You don't have to be a wine connoisseur to have enjoyed Soave, a popular white wine, and Valpolicella, a red.
Famous around the world, Soave and Valpolicella are both DOC classified. They both come from a highly prolific region in Italy, Veneto, a small northeastern region that contains the legendary canal city, Venice, and the Adriatic Coast. It may be smaller than other wine producing regions—but it's mighty.
More wine is produced in Veneto than any other region in Italy, although Tuscany gets all the attention.
A Climate that's Good for Many Varieties
The climate and unique geography of Veneto with the Alps in the north and the Adriatic Coast and river valleys in the south combine to produce a unique blend of wine varieties. Veneto has standard reds and whites, but also three red varietals, Cabernet Sauvigon, Cabernet Franc and Merlot, and two whites, Pinot Grigio and Chardonnay, that are frequently exported to compete with other international varieties.
The northern regions of Veneto tend to be much cooler because of the Alps, perfect for lighter wines like the whites that have become a hallmark worldwide of Veneto and make up 55 percent of its production.
The areas closer to the Adriatic are warmer, making conditions ideal for growing red wines.
Soave is made from the Garganega and Trebbiano grapes that are grown in the hills surrounding Verona. The wine contains a high level of acidity, a crisp, fruity finish and a low alcohol level. Try it with a local Venetian dish called Pollo alla Veneziana, chicken breast stuffed with curd cheese, breadcrumbs and pesto. Seafood is a great pairing with a Soave.
Valpolicella is justifiably famous as well. One of the six wines we suggest you try, Le Salette La Marega Amarone della Valpolicella Classico, has a unique taste—dark cherry, chocolate and a savory type of meat flavor, and a high alcohol content. Wine is one of the highlights of many travelers' itineraries.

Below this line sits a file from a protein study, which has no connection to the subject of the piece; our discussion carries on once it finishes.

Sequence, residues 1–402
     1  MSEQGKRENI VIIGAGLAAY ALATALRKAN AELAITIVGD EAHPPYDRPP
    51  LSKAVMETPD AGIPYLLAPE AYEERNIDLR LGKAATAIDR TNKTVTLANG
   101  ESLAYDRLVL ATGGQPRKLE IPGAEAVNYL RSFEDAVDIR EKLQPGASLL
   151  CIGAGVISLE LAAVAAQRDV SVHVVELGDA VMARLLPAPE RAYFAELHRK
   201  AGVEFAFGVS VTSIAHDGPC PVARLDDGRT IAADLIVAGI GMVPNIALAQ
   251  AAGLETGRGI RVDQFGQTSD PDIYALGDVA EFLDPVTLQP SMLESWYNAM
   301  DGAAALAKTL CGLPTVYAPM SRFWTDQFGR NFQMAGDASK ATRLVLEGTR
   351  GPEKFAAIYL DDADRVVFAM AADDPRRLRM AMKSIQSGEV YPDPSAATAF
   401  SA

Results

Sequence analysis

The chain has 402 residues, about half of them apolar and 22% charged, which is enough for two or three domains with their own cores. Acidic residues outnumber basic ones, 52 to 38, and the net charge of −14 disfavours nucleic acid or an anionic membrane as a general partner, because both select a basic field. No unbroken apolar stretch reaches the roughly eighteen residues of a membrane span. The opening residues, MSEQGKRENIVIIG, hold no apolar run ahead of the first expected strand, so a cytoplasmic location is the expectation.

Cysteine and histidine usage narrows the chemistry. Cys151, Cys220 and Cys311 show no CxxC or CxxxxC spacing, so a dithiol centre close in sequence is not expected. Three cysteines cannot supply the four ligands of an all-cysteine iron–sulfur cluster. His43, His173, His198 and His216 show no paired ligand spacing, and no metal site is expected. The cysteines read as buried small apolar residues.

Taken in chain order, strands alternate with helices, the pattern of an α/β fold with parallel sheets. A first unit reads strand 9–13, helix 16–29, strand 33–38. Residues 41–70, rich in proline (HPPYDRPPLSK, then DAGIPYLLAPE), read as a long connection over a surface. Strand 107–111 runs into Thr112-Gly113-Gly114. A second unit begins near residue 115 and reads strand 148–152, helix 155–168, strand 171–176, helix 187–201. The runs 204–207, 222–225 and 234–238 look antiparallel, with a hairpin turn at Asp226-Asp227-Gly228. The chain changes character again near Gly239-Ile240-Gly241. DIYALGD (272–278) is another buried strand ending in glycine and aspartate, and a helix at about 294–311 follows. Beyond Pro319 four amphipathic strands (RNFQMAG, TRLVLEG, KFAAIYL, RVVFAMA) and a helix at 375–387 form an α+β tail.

Delicious for Dinner, Dessert or by Itself
Most Valpolicella wines contain an aroma of fruits like blueberry and banana, and are sweeter than other Italian reds. They are fruity and tangy—perfect for a hot and sunny Venetian summer afternoon. Valpolicella is a blend of Corvina, Rondinella and Molinara grapes, creating a rich and strong red wine taste, as well as a distinctive sour cherry aftertaste.
There is also a wine called Recioto della Valpolicella that contains a sweeter aroma than many other Valpolicella varieties, making it the perfect dessert wine. Try this variety of Valpolicella with dark chocolate to really bring out the unique taste of the wine, and complement the chocolate.
Another famous Veneto wine is the white Prosecco, which is easy to find in American stores. Made from Glina grapes, most of these are sparkling and similar to champagne. It's less expensive, however, because its fermentation process is simpler, which makes it a great alternative to champagne in cocktails such as Mimosas.
Lacking the characteristic yeasty taste of champagne, Prosecco is more fruity tasting with notes of green apples, citrus and white flowers.
Interested in trying one of these well-known wines at the source, and seeing the famous canal city of Venice? For more information about traveling in Italy and wine tastings, talk to a travel consultant at Bella Vista Tours at 877-723-0802.